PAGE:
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Fabulous frijoles: Mexico's versatile legumes

Karen Hursh Graber

When asked by the New York Times magazine to write about the most important contribution of the past millennium, Italian author Umberto Eco chose the humble bean. In How the Bean Saved Western Civilization, Eco points out that in the five centuries after the year 1,000 A.D. Europe's population nearly tripled, and the amount of available animal protein was not enough to sustain the growing number of people. It was the increasing cultivation of legumes that provided the people with enough protein to become stronger, live longer, and re-populate a continent.

What the Euopeans discovered about the value of vegetable protein had been known to inhabitants of the Americas since wild beans were gathered in Oaxaca starting at approximately 8750 B.C. and cultivated in Tehuacan beginning at about 5000 B.C. Along with corn, squash and chile, beans completed the Mesoamerican staple diet. Nearly one-fifth protein by weight, they provided the nutrients necessary to actually multiply the dietary value of corn.

Sometimes eaten fresh with the whole seed container (stringbeans), beans were usually used mature and dry. They were boiled, made into fillings for tamales, tlacoyos and other tortilla variations, as well as being ground dry and used as the basis for soups and stews (a practice still common in the Sierra of Puebla and other predominantly indigenous regions.) Several varieties of phaseolus vulgaris (beans) had been domesticated before the Europeans came to the New World.

When the Spaniards arrived, they found, among many strange and exotic new foods, legumes which were comfortingly similar to the lentils, chick-peas and broad beans that made up a large portion of their diet aboard ship. They were especially fond of the small black beans of central and southern Mexico, which became one of the favored foods of the Spanish nobility. As samples of Mexican treasures, along with featherwork, textiles, gold and jewels, Cortés sent a sack of beans to Carlos V.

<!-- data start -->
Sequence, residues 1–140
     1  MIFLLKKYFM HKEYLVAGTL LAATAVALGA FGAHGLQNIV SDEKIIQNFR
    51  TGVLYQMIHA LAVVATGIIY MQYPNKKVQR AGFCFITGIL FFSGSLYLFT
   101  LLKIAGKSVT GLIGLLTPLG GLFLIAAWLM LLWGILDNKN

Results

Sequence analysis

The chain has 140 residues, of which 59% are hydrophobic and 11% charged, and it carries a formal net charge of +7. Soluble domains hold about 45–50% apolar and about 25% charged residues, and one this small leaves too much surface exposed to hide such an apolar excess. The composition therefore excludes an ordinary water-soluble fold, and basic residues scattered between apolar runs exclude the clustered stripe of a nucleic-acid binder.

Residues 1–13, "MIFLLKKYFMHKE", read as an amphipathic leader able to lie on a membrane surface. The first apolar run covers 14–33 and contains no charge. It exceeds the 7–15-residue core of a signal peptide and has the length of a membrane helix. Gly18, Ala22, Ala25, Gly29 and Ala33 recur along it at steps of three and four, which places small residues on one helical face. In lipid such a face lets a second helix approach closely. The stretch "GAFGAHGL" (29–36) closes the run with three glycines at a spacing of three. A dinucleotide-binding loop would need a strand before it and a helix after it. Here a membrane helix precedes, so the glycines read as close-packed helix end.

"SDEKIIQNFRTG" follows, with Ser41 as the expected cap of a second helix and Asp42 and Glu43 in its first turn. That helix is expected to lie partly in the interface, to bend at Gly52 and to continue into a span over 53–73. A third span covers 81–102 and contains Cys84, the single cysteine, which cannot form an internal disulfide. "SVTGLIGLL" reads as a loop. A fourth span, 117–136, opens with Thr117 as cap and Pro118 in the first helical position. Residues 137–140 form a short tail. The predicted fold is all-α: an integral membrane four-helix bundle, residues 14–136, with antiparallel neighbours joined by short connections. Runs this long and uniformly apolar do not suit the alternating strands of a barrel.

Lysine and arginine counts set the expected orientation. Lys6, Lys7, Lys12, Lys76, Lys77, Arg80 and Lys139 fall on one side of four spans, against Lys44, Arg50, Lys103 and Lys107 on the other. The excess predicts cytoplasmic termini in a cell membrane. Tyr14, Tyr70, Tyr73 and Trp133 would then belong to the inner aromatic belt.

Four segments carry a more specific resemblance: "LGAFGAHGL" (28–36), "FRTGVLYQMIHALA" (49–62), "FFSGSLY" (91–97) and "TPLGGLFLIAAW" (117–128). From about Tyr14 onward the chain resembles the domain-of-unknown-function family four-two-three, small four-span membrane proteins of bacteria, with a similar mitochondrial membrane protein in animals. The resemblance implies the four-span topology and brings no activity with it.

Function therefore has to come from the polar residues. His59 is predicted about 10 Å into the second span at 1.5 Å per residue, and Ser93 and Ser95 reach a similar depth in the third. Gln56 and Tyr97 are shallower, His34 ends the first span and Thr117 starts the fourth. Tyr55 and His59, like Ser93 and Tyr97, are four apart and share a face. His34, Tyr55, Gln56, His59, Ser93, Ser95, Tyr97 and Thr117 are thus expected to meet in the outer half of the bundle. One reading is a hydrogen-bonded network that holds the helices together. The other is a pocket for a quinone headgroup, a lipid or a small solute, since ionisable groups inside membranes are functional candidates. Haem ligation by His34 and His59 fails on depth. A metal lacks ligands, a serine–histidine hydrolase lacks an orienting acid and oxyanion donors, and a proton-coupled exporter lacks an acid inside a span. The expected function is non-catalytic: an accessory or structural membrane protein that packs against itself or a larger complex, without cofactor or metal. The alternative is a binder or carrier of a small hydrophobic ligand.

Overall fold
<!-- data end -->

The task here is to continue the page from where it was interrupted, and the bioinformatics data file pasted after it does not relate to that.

Scorned in later centuries as food for peasants, beans have recently become more elevated in status outside of Mexico (where they were never abandoned as a staple) as vegetarianism and health-consciousness dictate an interest in non-meat forms of protein. Looking for new and different ways of preparing them, foreigners have turned more and more to Mexican cookbooks.

The preparation of beans in Mexico varies from region to region, depending upon local cultivation, taste and tradition. The white, pink and pinto beans are more common in the north, while in the southern part of the country, black beans are still the favorites. No matter which type bean you prefer, all are readily available in markets north of the border, along with the garbanzos, lentils and fava beans enjoyed in a variety of ways in Mexico. The following recipes represent a cross-section of Mexican regional cooking and can be made in pressure-cookers, crockpots, stockpots or the traditional clay casseroles.

Veracruz-style black beans: Frijoles negros a la veracruzana
Yucatecan-style beans: Frijoles estilo yucateco
Oaxacan-style lentils: Lentejas oaxaqueñas
Cowboy beans: Frijoles charros
Bean-smothered tortillas: Enfrijoladas


Published or Updated on: October 1, 1999 by Karen Hursh Graber © 1999
Contact Karen Hursh Graber

Follow Karen as she travels through the Central Mexican state of Puebla, meeting local cooks, tasting the food, and collecting recipes. With over 75 recipes, plus sections on ingredients and cooking techniques, the book takes the reader on a journey through one of Mexico's oldest and most renowned culinary regions. It can be ordered online.

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